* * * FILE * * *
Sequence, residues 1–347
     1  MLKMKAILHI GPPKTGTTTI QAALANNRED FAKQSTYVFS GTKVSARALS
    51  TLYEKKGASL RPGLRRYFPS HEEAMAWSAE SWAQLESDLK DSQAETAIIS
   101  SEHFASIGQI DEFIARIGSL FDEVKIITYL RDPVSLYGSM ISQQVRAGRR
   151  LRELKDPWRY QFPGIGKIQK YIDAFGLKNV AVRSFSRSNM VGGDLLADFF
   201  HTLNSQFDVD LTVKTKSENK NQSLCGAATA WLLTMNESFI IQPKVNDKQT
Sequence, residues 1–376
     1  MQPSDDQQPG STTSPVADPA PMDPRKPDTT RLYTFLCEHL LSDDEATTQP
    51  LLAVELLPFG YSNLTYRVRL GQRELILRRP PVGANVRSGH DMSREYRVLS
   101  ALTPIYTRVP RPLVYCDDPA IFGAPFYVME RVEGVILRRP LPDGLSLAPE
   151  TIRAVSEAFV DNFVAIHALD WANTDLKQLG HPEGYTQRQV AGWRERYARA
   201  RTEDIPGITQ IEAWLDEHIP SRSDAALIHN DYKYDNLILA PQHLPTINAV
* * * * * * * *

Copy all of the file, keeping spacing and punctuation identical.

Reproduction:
Sequence, residues 1–347
     1  MLKMKAILHI GPPKTGTTTI QAALANNRED FAKQSTYVFS GTKVSARALS
    51  TLYEKKGASL RPGLRRYFPS HEEAMAWSAE SWAQLESDLK DSQAETAIIS
   101  SEHFASIGQI DEFIARIGSL FDEVKIITYL RDPVSLYGSM ISQQVRAGRR
   151  LRELKDPWRY QFPGIGKIQK YIDAFGLKNV AVRSFSRSNM VGGDLLADFF
   201  HTLNSQFDVD LTVKTKSENK NQSLCGAATA WLLTMNESFI IQPKVNDKQT
Sequence, residues 1–376
     1  MQPSDDQQPG STTSPVADPA PMDPRKPDTT RLYTFLCEHL LSDDEATTQP
    51  LLAVELLPFG YSNLTYRVRL GQRELILRRP PVGANVRSGH DMSREYRVLS
   101  ALTPIYTRVP RPLVYCDDPA IFGAPFYVME RVEGVILRRP LPDGLSLAPE
   151  TIRAVSEAFV DNFVAIHALD WANTDLKQLG HPEGYTQRQV AGWRERYARA
   201  RTEDIPGITQ IEAWLDEHIP SRSDAALIHN DYKYDNLILA PQHLPTINAV